“Oh, what a lucky fellow you are!” broke in Stepan Arkadyevitch, looking into Levin’s eyes.
“I know a gallant steed
by tokens sure,
And by his eyes I know a youth in love,”
declaimed Stepan Arkadyevitch. “Everything is before you.”
“Why, is it over for you already?”
“No; not over exactly, but the future is yours, and the present is mine, and the present—well, it’s not all that it might be.”
“Oh, things go wrong. But I don’t want to talk of myself, and besides I can’t explain it all,” said Stepan Arkadyevitch. “Well, why have you come to Moscow, then?.... Hi! take away!” he called to the Tatar.
“You guess?” responded Levin, his eyes like deep wells of light fixed on Stepan Arkadyevitch.
“I guess, but I can’t be the first to talk about it. You can see by that whether I guess right or wrong,” said Stepan Arkadyevitch, gazing at Levin with a subtle smile.
“Well, and what have you to say to me?” said Levin in a quivering voice, feeling that all the muscles of his face were quivering too. “How do you look at the question?”
Stepan Arkadyevitch slowly emptied his glass of Chablis, never taking his eyes off Levin.
“I?” said Stepan Arkadyevitch, “there’s nothing I desire so much as that—nothing! It would be the best thing that could be.”
“But you’re not making a mistake? You know what we’re speaking of?” said Levin, piercing him with his eyes. “You think it’s possible?”
“I think it’s possible. Why not possible?”
“No! do you really think it’s possible? No, tell me all you think! Oh, but if...if refusal’s in store for me!... Indeed I feel sure...”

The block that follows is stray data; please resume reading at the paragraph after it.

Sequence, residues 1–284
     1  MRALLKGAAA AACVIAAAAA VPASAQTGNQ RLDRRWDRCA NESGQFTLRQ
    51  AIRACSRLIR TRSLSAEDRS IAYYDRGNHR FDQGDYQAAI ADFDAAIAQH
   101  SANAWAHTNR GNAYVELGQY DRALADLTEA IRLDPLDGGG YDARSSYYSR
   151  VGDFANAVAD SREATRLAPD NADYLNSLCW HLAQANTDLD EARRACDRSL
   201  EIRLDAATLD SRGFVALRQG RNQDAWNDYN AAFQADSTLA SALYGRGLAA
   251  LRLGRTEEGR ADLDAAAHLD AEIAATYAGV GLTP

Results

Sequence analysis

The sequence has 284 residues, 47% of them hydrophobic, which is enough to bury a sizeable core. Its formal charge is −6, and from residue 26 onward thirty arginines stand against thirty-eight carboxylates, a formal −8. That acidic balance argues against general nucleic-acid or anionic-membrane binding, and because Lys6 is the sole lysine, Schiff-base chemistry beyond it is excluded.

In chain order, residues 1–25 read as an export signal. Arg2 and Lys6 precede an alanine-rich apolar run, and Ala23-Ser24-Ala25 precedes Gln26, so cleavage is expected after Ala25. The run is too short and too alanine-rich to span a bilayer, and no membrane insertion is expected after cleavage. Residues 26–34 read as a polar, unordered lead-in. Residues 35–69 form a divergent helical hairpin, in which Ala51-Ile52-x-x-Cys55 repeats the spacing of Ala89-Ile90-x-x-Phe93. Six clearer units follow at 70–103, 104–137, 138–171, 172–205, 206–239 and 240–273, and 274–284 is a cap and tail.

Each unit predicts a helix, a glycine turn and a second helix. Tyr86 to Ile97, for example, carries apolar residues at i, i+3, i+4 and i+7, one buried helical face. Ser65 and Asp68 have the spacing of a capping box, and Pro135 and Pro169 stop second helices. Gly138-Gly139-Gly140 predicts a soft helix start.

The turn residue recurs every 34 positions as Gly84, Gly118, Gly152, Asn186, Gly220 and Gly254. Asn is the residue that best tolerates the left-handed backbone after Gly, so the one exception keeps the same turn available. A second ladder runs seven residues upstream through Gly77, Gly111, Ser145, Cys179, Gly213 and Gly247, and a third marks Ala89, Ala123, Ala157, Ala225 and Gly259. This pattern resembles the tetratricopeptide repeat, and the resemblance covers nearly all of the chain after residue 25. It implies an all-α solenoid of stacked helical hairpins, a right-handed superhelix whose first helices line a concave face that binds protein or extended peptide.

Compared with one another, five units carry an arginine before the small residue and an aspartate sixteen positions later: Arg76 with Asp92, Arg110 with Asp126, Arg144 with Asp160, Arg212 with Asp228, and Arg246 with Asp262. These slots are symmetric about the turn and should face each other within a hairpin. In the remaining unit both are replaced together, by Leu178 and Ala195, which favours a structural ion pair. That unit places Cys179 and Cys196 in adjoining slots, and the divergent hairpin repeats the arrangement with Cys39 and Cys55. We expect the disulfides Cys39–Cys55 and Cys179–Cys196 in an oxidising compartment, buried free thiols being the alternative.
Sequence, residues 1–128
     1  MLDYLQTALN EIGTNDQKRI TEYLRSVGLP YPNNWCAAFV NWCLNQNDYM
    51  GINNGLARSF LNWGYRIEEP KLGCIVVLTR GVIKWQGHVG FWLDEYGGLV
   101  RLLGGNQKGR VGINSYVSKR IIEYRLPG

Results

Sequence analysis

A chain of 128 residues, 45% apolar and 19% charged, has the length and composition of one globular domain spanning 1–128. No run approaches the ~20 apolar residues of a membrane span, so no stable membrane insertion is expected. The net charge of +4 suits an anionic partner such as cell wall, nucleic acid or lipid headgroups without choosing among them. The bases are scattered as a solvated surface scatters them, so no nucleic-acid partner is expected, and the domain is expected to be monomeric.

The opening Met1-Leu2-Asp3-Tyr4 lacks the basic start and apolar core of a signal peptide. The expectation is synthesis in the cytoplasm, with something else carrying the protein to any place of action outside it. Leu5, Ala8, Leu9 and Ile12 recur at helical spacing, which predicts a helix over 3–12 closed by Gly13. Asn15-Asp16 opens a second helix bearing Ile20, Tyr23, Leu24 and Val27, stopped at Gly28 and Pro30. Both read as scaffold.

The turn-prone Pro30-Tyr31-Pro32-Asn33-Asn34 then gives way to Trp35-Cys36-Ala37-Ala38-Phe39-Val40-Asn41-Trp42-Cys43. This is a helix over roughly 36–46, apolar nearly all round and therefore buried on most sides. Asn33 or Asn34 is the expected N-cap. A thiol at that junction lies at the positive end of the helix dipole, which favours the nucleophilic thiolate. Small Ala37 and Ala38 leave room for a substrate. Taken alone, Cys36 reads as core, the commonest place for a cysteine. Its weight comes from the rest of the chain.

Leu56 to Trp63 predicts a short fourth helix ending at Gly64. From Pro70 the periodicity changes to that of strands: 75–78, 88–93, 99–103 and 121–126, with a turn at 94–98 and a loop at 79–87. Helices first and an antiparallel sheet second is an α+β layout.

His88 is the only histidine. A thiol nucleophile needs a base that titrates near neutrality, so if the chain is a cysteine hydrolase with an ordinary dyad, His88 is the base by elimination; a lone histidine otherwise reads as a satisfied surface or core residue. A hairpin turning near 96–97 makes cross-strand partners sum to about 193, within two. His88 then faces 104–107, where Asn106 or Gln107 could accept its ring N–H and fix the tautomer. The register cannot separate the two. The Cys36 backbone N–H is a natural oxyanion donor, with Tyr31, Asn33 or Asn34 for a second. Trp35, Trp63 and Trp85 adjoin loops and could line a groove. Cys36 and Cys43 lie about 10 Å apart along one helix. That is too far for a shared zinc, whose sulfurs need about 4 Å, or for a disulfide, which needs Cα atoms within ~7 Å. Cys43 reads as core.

“Why should you think that?” said Stepan Arkadyevitch, smiling at his excitement.
“It seems so to me sometimes. That will be awful for me, and for her too.”
“Oh, well, anyway there’s nothing awful in it for a girl. Every girl’s proud of an offer.”
“Yes, every girl, but not she.”
Stepan Arkadyevitch smiled. He so well knew that feeling of Levin’s, that for him all the girls in the world were divided into two classes: one class—all the girls in the world except her, and those girls with all sorts of human weaknesses, and very ordinary girls: the other class—she alone, having no weaknesses of any sort and higher than all humanity.
“Stay, take some sauce,” he said, holding back Levin’s hand as it pushed away the sauce.
Levin obediently helped himself to sauce, but would not let Stepan Arkadyevitch go on with his dinner.
“No, stop a minute, stop a minute,” he said. “You must understand that it’s a question of life and death for me. I have never spoken to any one of this. And there’s no one I could speak of it to, except you. You know we’re utterly unlike each other, different tastes and views and everything; but I know you’re fond of me and understand me, and that’s why I like you awfully. But for God’s sake, be quite straightforward with me.”